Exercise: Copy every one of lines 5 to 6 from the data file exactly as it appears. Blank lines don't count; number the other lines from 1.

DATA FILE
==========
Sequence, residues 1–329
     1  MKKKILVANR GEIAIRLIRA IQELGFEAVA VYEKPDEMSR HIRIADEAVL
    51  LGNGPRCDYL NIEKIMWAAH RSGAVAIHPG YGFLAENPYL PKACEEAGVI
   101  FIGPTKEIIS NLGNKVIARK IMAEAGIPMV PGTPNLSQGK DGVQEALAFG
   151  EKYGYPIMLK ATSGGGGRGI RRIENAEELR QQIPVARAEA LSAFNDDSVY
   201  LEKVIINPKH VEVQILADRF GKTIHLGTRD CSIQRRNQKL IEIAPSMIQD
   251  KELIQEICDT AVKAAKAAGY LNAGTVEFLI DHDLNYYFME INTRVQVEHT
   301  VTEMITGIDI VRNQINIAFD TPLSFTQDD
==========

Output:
   151  EKYGYPIMLK ATSGGGGRGI RRIENAEELR QQIPVARAEA LSAFNDDSVY
   201  LEKVIINPKH VEVQILADRF GKTIHLGTRD CSIQRRNQKL IEIAPSMIQD